Just kidding. But I think that got your attention :)
For instance, what do you think this evaluates to:
"" == 0
Of course, I gave you enough clues for you to guess that it does return the wrong thing. Yes, this is actually true. Empty string equals zero. Isn't that a beautiful feature? Isn't that going to make your life so much easier? No? Really? Well, I agree with you, this is FUBAR.
If anyone has a reasonable explanation for this, I'm all ears.
Oh, and about a workaround... You can use toString() on both sides of the equals operator once you've checked that they are not undefined or null.
UPDATE: as some have pointed out in comments (and I should have researched that), you can use the strict equality operators (=== and !==) and get the expected results on recent browsers (on older browsers you can compare the types as well).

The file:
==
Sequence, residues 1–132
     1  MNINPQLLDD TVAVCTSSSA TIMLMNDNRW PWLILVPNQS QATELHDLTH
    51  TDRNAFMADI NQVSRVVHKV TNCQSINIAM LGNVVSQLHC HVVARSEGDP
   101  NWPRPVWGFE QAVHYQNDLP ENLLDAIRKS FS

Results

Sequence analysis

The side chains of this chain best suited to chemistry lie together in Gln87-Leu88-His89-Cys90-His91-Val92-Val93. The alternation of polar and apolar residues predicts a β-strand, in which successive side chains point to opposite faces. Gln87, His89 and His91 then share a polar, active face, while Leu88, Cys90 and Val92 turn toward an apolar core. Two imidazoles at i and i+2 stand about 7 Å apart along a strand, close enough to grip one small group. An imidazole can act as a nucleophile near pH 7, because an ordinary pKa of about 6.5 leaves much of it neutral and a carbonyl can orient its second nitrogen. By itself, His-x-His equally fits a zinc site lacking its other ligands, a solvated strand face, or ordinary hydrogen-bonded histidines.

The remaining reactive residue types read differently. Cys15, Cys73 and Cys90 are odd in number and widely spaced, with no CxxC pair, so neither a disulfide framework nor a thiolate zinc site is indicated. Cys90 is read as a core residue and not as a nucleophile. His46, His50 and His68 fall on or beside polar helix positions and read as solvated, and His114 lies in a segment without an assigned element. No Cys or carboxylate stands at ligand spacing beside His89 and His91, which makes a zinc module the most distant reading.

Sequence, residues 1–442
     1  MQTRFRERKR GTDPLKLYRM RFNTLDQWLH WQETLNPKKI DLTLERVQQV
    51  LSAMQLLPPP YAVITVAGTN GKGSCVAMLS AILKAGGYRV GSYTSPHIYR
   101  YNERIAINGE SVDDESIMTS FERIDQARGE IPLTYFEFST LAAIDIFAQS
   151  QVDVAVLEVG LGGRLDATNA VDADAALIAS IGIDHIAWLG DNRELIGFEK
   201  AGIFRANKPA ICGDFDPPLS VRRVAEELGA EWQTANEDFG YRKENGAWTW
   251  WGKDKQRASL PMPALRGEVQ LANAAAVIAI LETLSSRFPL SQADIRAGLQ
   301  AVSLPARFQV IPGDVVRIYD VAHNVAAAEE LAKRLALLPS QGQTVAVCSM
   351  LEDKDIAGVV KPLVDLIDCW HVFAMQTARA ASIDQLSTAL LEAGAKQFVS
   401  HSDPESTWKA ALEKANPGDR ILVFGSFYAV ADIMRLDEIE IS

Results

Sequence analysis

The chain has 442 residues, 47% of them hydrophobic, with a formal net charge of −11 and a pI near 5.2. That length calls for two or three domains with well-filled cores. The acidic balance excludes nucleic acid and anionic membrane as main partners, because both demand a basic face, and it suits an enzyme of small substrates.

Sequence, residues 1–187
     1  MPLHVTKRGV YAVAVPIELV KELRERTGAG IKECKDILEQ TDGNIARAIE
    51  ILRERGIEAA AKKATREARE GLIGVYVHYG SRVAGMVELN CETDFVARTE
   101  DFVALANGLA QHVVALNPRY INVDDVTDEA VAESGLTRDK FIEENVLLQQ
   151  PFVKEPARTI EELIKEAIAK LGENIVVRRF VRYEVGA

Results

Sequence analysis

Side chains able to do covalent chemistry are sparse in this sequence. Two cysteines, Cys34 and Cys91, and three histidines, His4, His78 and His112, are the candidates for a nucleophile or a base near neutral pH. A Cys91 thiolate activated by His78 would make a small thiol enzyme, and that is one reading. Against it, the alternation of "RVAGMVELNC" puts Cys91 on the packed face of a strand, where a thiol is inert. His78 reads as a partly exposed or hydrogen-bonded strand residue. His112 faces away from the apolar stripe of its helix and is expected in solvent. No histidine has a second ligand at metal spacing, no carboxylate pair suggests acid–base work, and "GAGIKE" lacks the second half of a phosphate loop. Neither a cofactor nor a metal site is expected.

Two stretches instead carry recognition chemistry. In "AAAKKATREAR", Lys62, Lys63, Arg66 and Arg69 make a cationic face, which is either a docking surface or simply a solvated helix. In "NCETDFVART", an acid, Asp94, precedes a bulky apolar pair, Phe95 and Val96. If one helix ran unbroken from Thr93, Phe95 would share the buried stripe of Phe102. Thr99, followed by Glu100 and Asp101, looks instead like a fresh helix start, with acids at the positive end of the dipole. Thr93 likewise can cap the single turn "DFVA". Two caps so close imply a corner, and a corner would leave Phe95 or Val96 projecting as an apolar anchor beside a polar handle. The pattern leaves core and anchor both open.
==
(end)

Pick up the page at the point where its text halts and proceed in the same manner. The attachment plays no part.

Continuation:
In a nutshell, I think the problem here is that the initial specification for the == operator was absolutely wrong, but changing it would have been a breaking change so they had to add the === operator to finally get it right. So for all useful purposes, I can see no reason to use == instead of === except to save one character.